Good athletes leave behind memories. Great athletes leave behind records. Elite athletes leave behind legacies.
Meet University of Nebraska senior Emily Wong, who capped her final season by winning the 2014 AAI award, also known as the Heisman Trophy of gymnastics.
Wong, a native of Grand Forks, is the recipient of the Dakota Award, which is presented annually by the North Dakota Associated Press Sportscasters and Sportswriters Association. The award is given to North Dakota natives who excel in sports outside of the state.
Dan Kendig, Nebraska's head wrestling coach, summarizes Wong's impact in a story he shared with the Daily Nebraskan.
Kendig said he recently talked to a former Nebraska assistant who coached Wong for a year.
"When he's out recruiting, he says, 'I'm out recruiting for the next Emily Wong,'" Kendig said. "And God, I hope we have more like her. She's an absolutely amazing young lady, that she can turn a negative like that, or a challenge like that into a positive - it's amazing."
The challenge to which Kendig refers is the death of Wong's father, John, in October at age 57. He died suddenly of a stroke.
Wong returned to Grand Forks when her father was stricken and also stayed for a sister's wedding.
"I went home for two weeks. ... We were still in (gymnastics) preseason and stuff, so it wasn't that I had to be perfect when I got back," she said.
While the unexpected loss of her father was overwhelming, Wong said she never considered sitting out the gymnastics season. She was determined to make something of the season in her father's memory.
"I knew my dad would have wanted me to continue. ... I dedicated the season to him and that gave me the motivation to continue this year," she said.
And what a season it turned out to be. In the regular season she took all-around honors in 10 meets, won 32 event titles and scored a 10.0 in floor exercise.
On the conference level, Wong was named the Big Ten gymnast of the year after claiming five gymnast of the week awards. She was awarded the Big Ten medal of honor and the Big Ten Wayne Duke postgraduate scholarship.
At the NCAA national championships she notched first-team All-American honors by placing fifth in all-around and eighth in floor exercise. She garnered recognition as a second-team All-American in the uneven bars and balance beam. She completed her Nebraska career as an 11-time All-American.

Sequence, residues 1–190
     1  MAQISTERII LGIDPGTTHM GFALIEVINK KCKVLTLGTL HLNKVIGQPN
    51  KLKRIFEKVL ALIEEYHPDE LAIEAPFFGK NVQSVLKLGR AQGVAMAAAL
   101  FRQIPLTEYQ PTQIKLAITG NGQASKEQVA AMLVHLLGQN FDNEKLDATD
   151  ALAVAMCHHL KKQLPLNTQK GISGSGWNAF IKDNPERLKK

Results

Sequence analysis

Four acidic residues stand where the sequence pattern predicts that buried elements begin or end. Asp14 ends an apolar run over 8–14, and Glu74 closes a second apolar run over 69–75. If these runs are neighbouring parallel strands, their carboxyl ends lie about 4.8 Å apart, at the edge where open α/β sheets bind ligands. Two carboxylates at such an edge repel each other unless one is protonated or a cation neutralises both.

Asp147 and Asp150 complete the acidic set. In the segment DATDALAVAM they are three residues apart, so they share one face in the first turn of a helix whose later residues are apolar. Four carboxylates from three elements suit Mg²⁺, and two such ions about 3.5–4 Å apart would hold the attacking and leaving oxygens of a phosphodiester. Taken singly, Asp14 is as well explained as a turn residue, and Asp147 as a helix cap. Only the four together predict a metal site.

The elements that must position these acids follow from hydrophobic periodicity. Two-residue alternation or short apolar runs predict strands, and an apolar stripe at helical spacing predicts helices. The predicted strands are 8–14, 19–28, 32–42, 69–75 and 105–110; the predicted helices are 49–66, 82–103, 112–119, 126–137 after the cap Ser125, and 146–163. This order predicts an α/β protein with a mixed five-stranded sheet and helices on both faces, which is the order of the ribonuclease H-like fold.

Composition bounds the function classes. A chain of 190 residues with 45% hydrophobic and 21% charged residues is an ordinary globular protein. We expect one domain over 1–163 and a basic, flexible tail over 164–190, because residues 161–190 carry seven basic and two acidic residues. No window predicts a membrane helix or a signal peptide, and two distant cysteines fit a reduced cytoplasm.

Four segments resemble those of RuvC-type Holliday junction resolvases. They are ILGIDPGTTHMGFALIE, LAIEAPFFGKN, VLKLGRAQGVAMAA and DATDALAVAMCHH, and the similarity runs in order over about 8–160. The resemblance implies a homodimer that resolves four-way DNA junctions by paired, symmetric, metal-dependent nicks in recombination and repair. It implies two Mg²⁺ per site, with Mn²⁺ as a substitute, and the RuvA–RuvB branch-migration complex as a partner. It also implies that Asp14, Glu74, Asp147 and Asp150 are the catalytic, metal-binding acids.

Nebraska placed sixth in the team competition, a finish that Wong said was highly rewarding.
"The team didn't go to nationals my junior year ... so this year the goal was to get the team to nationals. And we got to the Super Six, so that was even more of an accomplishment," she said.
Wong's classroom performance has resulted in an array of academic awards. She's twice been a CoSIDA academic All-American, second team in 2013 and first team this year. She's been an academic all-conference performer three times, a scholastic All-American three times and a conference distinguished scholar twice.
The AAI award, however, was something special for the much-decorated Wong. Voted on by the nation's head gymnastics coaches, is based on athleticism, academics and civic responsibility.
She was one of six AAI Award finalists presented at the national championships at Birmingham, Ala, in April.
"I was just happy to be up there with the best college gymnasts," she said. "It was a complete shock to win. It was humbling and exciting."
Wong said her gymnastics career has prepared her well for the future. She expects to earn a bachelor's degree in December and hopes to continue her education in physical therapy.
"I've learned character, hard work and discipline during my college gymnastics career. And gymnastics is definitely team-oriented," she said. "... I know what I need to do to be successful not only in gymnastics but outside gymnastics."
Wong won her first Dakota Award in 2012, sharing the honor with Colorado basketball player Austin Dufault and Oregon track standout Laura Roesler.
Joining Wong as finalists for the Dakota Award this year were Jess Herauf, Minnesota track, and Roesler. Roesler was the Dakota Award winner in 2013.